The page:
Thursday, August 28, 2008

Respect for Life: The Tragedy in New Orleans

As the current elections revive the increasingly enervating discussion of the pro-life principles that should guide people of faith as they make political decisions, I want to post on this blog I piece I posted elsewhere on 6 September 2006. This statement appeared on the blog of the National Catholic Reporter website at, where there's a fairly lengthy thread discussing it. I wrote the piece in September 2005.

My statement about Katrina and Catholic pro-life principles is as follows:

I’ll admit it: I’m biased. New Orleans is the lodestone of my adult life, the gravitational force always pulling me back. I began my college teaching career there, reveling in the generosity of seasoned teacher-mentors at Xavier University, who patiently taught me how to identify and use my gifts as a teacher. The jewel-like experiences I have had in that magical, maddening city near the river’s mouth have enriched my life in ways so profound that I will never get over New Orleans. Nor do I wish to do so.

I studied at both Loyola and Tulane. In my undergraduate education, what the Jesuits at Loyola taught me about God’s determination to lift up the downtrodden has forever stamped me. The Jesuits compelled me into ministry, overturning my well-laid plans to sequester myself in an ivory tower with my beloved Greek and Latin texts. Those crafty men who would not cease nattering about the importance of living for others turned my life upside down. I came to them a callow middle-class youth from a small Southern town. I left them with blinders forever stripped from my eyes. After what I learned in my years of ministry to the needy in New Orleans, I had no option except to head off to study theology, to get my mind around what my heart had learned about how systems of neglect and oppression affect the poor.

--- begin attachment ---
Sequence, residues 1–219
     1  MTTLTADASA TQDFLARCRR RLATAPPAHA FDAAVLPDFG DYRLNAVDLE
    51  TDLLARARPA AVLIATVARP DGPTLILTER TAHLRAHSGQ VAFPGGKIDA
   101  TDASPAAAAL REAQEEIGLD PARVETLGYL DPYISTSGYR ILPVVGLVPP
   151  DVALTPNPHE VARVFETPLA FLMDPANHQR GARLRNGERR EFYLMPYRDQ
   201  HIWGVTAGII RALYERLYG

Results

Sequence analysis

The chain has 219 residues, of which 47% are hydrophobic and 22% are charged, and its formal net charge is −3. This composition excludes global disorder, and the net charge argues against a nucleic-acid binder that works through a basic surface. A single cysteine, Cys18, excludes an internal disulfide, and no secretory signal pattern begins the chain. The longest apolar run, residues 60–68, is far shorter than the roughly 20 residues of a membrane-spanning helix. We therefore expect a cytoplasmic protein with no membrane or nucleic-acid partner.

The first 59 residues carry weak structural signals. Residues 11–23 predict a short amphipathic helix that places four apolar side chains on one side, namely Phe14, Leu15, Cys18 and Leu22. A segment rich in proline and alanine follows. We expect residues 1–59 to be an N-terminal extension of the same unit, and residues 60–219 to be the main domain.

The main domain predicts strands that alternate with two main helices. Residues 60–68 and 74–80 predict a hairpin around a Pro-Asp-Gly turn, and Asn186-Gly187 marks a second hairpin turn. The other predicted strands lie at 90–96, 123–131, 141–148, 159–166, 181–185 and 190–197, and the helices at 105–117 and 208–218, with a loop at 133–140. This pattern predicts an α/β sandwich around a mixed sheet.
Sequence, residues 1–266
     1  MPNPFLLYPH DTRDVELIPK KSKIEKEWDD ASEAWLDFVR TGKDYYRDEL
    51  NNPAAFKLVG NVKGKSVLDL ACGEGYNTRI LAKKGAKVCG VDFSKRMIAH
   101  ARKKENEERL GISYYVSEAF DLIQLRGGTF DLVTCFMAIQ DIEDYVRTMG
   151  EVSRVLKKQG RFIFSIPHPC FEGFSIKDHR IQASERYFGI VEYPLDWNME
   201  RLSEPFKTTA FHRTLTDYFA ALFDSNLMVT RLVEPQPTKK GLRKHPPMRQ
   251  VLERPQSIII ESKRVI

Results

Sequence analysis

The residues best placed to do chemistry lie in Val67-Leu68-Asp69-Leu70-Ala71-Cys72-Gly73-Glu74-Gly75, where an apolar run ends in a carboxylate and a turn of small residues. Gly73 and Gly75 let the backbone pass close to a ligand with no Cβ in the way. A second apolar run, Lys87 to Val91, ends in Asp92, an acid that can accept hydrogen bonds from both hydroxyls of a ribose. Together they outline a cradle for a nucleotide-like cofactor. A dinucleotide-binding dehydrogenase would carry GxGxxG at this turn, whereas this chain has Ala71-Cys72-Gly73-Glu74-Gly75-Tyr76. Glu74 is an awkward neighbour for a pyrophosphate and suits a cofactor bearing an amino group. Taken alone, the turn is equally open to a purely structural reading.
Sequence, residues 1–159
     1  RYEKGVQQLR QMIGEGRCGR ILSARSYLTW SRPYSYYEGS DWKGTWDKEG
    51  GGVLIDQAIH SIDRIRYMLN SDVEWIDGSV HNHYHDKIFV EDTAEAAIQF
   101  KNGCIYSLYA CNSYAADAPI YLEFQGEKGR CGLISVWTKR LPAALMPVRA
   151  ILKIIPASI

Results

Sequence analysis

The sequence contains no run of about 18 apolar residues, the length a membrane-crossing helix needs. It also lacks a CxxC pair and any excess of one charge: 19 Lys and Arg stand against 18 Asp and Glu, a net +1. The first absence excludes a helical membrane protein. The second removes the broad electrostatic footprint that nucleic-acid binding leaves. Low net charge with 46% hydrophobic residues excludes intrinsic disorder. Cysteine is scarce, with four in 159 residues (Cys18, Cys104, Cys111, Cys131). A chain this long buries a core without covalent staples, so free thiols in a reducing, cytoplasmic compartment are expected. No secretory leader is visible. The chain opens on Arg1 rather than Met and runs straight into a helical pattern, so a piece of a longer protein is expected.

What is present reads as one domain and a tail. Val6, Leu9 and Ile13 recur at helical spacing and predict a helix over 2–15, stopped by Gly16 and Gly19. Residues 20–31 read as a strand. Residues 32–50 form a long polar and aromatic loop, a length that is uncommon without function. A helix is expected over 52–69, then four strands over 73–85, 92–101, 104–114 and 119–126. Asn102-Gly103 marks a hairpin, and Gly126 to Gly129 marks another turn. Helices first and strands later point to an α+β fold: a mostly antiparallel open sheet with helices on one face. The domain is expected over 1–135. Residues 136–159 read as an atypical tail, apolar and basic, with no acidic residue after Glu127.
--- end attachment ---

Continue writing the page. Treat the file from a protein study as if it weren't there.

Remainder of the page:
In my forays into ministry in New Orleans, I brought books, literacy training, food, and housing assistance to the needy. I approached these expeditions cavalierly: I was the one bearing gifts, after all, the one with the answers. But I quickly discovered that those to whom I reached out offered me far more than I could ever bring them. They taught me more than I could ever begin to teach them.

With these connections, I am shaken to the core of my soul by the scenes I have watched unfold in New Orleans day after day this week. I feel a frustration akin to battering my head against prison walls as I watch people pleading for food and water, even dying from lack of elemental nutrition or simple medication. I watch these scenes in helpless rage, in a comfortable house well-stocked with food and pure water. As I sit glued to my television set, I shout questions at it: how is it possible that we live in an advanced nation in which technology allows us to see people die of hunger, and yet our nation’s leaders seem incapable of delivering food to these suffering people we can see in front of us? I ask the television if we are in truth a developing nation, incapable of meeting the simplest nutritional and healthcare needs of our populace when disaster strikes.

As I worry the well-paced rug of questions in my head, I flash back to the last presidential election, when so many of our religious leaders twisted our arms as they informed us that voting for any but the pro-life candidates would be wicked in the extreme. I recall some of my own Catholic bishops compelling their flocks to vote pro-life, spelling out the “right” candidates and the “wrong” ones. I recall bishops who were willing to break with longstanding Catholic tradition and to use the Eucharist as a political whip to coerce errant believers into submission to their episcopal will.